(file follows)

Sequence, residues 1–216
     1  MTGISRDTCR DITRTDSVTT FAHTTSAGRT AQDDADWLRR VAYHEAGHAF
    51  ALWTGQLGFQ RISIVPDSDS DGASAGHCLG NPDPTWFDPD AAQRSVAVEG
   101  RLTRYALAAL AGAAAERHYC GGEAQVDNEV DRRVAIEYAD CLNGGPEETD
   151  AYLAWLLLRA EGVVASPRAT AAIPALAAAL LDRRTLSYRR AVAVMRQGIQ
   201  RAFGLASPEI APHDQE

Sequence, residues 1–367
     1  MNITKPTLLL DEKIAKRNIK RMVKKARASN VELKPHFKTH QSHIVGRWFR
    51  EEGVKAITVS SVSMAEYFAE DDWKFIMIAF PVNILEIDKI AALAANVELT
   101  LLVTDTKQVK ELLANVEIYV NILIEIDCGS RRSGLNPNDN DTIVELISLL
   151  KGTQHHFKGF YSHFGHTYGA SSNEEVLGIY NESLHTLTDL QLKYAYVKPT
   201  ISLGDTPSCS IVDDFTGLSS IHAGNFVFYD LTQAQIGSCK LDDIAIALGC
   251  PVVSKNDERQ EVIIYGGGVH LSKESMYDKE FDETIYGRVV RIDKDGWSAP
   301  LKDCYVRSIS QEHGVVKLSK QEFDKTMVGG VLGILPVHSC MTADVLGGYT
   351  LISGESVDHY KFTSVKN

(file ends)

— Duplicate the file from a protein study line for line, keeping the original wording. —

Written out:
Sequence, residues 1–216
     1  MTGISRDTCR DITRTDSVTT FAHTTSAGRT AQDDADWLRR VAYHEAGHAF
    51  ALWTGQLGFQ RISIVPDSDS DGASAGHCLG NPDPTWFDPD AAQRSVAVEG
   101  RLTRYALAAL AGAAAERHYC GGEAQVDNEV DRRVAIEYAD CLNGGPEETD
   151  AYLAWLLLRA EGVVASPRAT AAIPALAAAL LDRRTLSYRR AVAVMRQGIQ
   201  RAFGLASPEI APHDQE

Sequence, residues 1–367
     1  MNITKPTLLL DEKIAKRNIK RMVKKARASN VELKPHFKTH QSHIVGRWFR
    51  EEGVKAITVS SVSMAEYFAE DDWKFIMIAF PVNILEIDKI AALAANVELT
   101  LLVTDTKQVK ELLANVEIYV NILIEIDCGS RRSGLNPNDN DTIVELISLL
   151  KGTQHHFKGF YSHFGHTYGA SSNEEVLGIY NESLHTLTDL QLKYAYVKPT
   201  ISLGDTPSCS IVDDFTGLSS IHAGNFVFYD LTQAQIGSCK LDDIAIALGC
   251  PVVSKNDERQ EVIIYGGGVH LSKESMYDKE FDETIYGRVV RIDKDGWSAP
   301  LKDCYVRSIS QEHGVVKLSK QEFDKTMVGG VLGILPVHSC MTADVLGGYT
   351  LISGESVDHY KFTSVKN